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DM ? what's the role of a Dive master

Discussion in 'Advanced Scuba Discussions' started by eternaljonah, Apr 11, 2012.

  1. eternaljonah

    eternaljonah Captain

    # of Dives: 5,000 - ∞
    Location: Auroville pondicherry
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    there was just a discussion about the roll of a dive master (An uncomfortable situation, Your opinions please) and it made me wonder what do we as divers see as the roll of a dive master. there are the padi,or naui or other suggested roles. but when out diving in a new place what do we expect from a dive master?
     
  2. Ulfhedinn

    Ulfhedinn Divemaster Candidate

    # of Dives: 100 - 199
    Location: So CAL
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    :coffee:

    Watching this post
     
  3. Jim Lapenta

    Jim Lapenta Dive Shop

    # of Dives: 500 - 999
    Location: Canonsburg, Pa
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    The DM's primary role is to anticipate the needs of the instructor. They are used to help with classes and checkout dives.

    Now if you are talking about on a boat then I want them to give me a good briefing of the site, maybe tie in to wreck or buoy, keep their hands off of my gear and especially my air supply, and assist divers getting back on the boat. I prefer them to not be in the water expecting me to follow them unless I specifically hire one for that purpose. They are not there to keep anyone safe or plan dives. Each diver is responsible for that on their own.
     
    Diver Tim, Karloss, Boiler_81 and 7 others like this.
  4. TSandM

    TSandM Missed and loved by many.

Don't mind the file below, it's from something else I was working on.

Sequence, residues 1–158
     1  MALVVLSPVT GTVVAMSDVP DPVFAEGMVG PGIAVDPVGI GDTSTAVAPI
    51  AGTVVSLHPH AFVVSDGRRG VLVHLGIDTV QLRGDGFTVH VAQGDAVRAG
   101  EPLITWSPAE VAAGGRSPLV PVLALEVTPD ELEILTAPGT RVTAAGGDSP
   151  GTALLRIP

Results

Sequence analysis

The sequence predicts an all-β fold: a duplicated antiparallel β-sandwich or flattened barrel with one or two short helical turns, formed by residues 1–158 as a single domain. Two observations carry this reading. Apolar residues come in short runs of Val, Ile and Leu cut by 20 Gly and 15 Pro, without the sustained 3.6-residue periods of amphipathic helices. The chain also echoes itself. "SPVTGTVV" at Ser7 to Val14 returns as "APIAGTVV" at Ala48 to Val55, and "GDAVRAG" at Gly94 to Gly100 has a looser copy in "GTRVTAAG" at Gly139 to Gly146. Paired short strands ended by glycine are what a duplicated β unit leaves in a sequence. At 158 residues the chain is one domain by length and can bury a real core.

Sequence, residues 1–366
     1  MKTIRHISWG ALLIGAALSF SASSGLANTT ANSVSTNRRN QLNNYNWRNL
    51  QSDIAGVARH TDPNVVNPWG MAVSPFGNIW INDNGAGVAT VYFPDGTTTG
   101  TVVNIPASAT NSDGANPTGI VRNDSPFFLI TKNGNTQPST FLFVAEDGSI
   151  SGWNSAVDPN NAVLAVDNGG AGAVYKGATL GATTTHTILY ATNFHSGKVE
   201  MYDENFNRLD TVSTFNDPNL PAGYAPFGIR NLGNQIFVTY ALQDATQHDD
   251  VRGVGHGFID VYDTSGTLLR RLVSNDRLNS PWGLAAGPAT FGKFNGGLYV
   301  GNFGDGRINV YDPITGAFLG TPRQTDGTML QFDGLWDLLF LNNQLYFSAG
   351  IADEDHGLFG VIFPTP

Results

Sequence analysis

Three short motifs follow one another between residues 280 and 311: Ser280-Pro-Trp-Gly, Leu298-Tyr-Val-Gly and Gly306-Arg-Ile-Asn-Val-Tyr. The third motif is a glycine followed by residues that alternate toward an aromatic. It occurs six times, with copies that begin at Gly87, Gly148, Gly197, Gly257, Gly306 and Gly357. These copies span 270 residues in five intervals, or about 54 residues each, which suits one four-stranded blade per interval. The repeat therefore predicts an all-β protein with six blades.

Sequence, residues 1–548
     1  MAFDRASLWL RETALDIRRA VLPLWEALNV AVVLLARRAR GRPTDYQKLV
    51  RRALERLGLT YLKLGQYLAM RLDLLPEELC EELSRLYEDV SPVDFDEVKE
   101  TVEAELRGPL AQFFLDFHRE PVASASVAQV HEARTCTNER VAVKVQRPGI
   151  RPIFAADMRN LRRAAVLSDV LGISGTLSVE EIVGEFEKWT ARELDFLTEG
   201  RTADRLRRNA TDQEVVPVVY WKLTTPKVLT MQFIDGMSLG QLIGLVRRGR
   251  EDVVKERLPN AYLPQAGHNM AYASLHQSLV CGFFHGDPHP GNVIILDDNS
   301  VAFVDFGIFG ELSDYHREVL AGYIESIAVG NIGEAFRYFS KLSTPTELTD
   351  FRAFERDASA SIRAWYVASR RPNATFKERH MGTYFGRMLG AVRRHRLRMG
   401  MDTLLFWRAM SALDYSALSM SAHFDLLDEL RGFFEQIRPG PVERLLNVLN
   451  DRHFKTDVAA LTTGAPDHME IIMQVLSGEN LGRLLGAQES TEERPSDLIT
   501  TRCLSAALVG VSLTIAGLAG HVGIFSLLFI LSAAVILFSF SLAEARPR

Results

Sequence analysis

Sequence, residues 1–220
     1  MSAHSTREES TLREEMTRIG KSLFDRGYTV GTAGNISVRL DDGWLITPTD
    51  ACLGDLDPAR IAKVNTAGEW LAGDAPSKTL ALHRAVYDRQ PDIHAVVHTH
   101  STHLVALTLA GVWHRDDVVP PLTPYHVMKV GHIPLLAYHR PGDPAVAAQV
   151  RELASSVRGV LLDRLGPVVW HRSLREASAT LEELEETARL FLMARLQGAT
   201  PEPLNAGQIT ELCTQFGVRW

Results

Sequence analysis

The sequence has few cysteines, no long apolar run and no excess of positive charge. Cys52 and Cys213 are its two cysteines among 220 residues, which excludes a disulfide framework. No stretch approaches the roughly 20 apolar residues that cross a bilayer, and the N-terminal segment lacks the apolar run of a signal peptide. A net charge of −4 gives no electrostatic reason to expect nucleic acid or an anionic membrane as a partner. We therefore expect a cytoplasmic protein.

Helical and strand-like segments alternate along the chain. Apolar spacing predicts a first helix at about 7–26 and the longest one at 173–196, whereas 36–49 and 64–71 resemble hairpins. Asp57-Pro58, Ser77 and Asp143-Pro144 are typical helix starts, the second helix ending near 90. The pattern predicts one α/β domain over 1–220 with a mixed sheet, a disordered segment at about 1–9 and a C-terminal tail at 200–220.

# of Dives:
    Location: Woodinville, WA
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    Well, it depends on where I am diving.

    Around here, DMs don't dive. They're on the boats and help people gear up, and help you out of the water, and they bake breadsticks :)

    In places where DMs get in the water, I expect them to know where the most interesting things are found, and to help spot critters. I do expect the captain and DM to recognize diving hazards in the various sites, and to apprise me of them.

    I do not expect a DM to monitor my gas, help me with my buoyancy, or serve as my buddy. I do not expect him or her to help me solve any problems I encounter while I am diving -- that is my buddy's role. I WILL let a DM tow a float, because that's a nuisance I'd rather not deal with :)
     
    Diver Tim, asha, BVickery and 3 others like this.
  5. flots am

    flots am Solo Diver

    # of Dives: I just don't log dives
    Location: Wherever you go in life, that's where you are.
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    The papers your instructor signed when you received your C-Card, said that you were qualified to dive without anything more than a similarly qualified buddy.

    While people's expectations of DMs vary wildly, if the diver needs a DM for more than pointing out where the cool stuff is hiding, the diver doesn't belong on the dive. This isn't an insult, it's reality. If you can't take care of yourself on a dive, you're just rolling the dice.

    The DM's role causes a lot of confusion and disagreement because it's rarely defined well, and even when it is, there's no guarantee that he's willing or able to provide the defined or implied services at the level the diver expects or needs.

    flots.
     
    Last edited: Apr 11, 2012
  6. VooDooGasMan

    VooDooGasMan Solo Diver